Letter to the Editor of Defense News
To the Editor:
Your editorial of May 19 (“The Case for Leasing”) was a perfect exposition of the issues surrounding replacement of aging Air Force tankers. I could not agree more with the sentiment in the editorial’s opening sentence — the time has come to make a decision, rather than to continue deferring action on such such a critical military need.
When President Bush was briefed last August at his Crawford ranch about the 2004 military budget, Pentagon representatives emphasized two aging-aircraft problems. One was the overstretched fleet of Prowler electronic-warfare planes operated by the Navy. The other was the Air Force’s increasingly decrepit collection of 546 KC-135 tankers.
The Pentagon now has a plan for replacing Prowlers, as it does for aging fighters and transports. But progress on replacing tankers has been held up by the Office of Management and Budget and the complaints of a single Senator. If the obstacles to prompt tanker modernization are not overcome, the military value of all the other aircraft being bought will be undermined by reduced range and persistence.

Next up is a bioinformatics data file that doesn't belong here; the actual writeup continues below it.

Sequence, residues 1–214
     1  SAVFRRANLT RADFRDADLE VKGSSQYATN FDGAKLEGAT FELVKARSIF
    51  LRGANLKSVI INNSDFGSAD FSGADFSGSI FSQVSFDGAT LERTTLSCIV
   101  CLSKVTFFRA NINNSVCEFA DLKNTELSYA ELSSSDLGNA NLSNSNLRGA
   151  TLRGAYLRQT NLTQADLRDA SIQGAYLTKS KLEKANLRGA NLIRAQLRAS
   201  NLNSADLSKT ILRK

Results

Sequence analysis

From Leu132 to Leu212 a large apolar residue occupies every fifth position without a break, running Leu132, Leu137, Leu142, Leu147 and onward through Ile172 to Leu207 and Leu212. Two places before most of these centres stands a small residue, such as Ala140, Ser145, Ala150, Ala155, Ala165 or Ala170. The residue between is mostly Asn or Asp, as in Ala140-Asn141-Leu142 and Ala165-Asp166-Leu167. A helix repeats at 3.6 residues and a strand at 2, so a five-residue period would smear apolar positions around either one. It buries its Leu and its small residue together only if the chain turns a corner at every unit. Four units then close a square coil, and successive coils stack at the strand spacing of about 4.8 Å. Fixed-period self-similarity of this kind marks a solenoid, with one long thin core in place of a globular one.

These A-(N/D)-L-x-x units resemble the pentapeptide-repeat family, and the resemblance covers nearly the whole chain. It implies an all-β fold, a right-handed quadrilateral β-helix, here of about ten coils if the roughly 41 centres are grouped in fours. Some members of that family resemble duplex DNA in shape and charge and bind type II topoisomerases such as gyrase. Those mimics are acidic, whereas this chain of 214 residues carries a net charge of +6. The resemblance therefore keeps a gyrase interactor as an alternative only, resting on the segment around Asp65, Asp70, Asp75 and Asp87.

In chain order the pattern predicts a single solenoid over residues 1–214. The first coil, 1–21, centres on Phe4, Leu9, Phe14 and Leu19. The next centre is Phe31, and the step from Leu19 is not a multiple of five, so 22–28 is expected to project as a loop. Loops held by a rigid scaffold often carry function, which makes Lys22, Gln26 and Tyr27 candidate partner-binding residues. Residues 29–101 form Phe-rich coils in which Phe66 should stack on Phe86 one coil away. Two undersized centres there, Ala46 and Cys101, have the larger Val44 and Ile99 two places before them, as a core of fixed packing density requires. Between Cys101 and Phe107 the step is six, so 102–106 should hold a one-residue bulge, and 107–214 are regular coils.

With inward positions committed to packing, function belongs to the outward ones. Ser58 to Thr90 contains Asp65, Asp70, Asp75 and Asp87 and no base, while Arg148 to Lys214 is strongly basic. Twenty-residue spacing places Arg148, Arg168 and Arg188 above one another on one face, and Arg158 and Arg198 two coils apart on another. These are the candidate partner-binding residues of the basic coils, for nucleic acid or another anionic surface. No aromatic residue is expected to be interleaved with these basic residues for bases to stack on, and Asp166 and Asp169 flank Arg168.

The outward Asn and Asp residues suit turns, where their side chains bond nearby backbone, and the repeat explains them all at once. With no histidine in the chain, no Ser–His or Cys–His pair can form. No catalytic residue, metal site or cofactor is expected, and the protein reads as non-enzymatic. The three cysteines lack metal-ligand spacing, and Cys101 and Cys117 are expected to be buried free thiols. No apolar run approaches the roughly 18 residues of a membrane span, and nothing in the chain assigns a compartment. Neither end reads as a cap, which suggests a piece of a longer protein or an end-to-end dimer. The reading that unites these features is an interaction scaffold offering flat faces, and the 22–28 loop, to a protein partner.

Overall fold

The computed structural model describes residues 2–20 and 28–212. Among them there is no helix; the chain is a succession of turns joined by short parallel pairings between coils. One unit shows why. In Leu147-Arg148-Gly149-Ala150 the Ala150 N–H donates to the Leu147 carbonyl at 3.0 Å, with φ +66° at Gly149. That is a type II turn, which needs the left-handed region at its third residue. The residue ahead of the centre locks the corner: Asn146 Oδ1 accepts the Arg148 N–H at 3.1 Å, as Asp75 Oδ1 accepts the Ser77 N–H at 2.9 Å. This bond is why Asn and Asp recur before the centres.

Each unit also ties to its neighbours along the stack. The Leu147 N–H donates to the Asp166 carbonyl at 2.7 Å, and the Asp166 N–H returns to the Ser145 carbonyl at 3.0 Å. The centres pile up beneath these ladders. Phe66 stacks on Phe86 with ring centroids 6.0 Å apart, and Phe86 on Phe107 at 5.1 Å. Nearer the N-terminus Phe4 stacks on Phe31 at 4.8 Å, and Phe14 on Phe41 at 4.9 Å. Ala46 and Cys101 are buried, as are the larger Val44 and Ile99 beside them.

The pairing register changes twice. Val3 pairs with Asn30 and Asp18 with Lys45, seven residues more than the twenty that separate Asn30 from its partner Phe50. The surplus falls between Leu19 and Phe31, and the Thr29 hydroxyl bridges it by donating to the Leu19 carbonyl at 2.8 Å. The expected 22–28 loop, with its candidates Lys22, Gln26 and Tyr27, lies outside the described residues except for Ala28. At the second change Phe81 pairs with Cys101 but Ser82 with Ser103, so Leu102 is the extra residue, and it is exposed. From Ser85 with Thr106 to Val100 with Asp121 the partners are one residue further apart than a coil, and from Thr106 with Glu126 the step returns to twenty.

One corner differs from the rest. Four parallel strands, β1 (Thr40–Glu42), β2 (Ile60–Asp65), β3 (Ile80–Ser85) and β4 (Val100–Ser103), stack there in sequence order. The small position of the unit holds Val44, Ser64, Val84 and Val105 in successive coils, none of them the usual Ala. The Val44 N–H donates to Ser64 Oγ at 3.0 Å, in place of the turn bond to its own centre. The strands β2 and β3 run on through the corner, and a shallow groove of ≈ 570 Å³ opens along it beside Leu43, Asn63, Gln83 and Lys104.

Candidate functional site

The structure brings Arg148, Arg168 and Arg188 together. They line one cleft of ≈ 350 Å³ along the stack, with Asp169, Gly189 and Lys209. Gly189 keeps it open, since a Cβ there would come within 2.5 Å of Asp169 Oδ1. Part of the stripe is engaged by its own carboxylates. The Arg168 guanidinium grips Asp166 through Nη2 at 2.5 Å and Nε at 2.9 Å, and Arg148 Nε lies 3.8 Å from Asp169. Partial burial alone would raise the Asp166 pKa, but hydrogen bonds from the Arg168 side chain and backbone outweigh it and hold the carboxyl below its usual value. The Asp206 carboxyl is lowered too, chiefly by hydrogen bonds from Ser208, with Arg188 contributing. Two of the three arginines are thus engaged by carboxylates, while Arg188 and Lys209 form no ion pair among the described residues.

The U.S. deployed over 200 tankers to the Persian Gulf region during Operation Iraqi Freedom, and they flew 8,000 sorties through early May. Without them, carrier-based aircraft in the Mediterranean would have been unable to reach the war zone — just as they would have been unable to reach Afghanistan in Operation Enduring Freedom. Air Force planes too would have been hobbled by distance and basing constraints.
But the vast majority of Air Force tankers are 40-year-old KC-135s, military versions of the Boeing 707 that commercial airlines retired a generation ago. The planes require much more maintenance now than they did during Operation Desert Storm a dozen years ago. In fact, on any given day a quarter of the fleet is unavailable due to repair needs.
The maintenance problems will only get worse as time takes an increasing toll in corrosion, metal fatigue and technological obsolesence.
Your editorial was exactly right in asserting that replacement of aging tankers is the only rsponsible course of action. The services have seen enough of patching up Cold-War relics. But with hundreds of tankers to replace, modernization must begin now. That is the virtue of using commercial leasing practices to buy the first installment of new planes — it allows modernization to commence immediately, rather than deferring action to some future administration.
Critics of leasing should explain what their alternative is for averting the prospect of operating 60-year-old tankers in 2020. As for the oft-repeated canard that this is some sort of bailout for Boeing, critics ought to compare the lease terms with those offered to commercial customers for the same plane. It looks more like a bailout for taxpayers, who otherwise will be saddled with the costs of trying to keep hundreds of vintage tankers flying for the foreseeable future.
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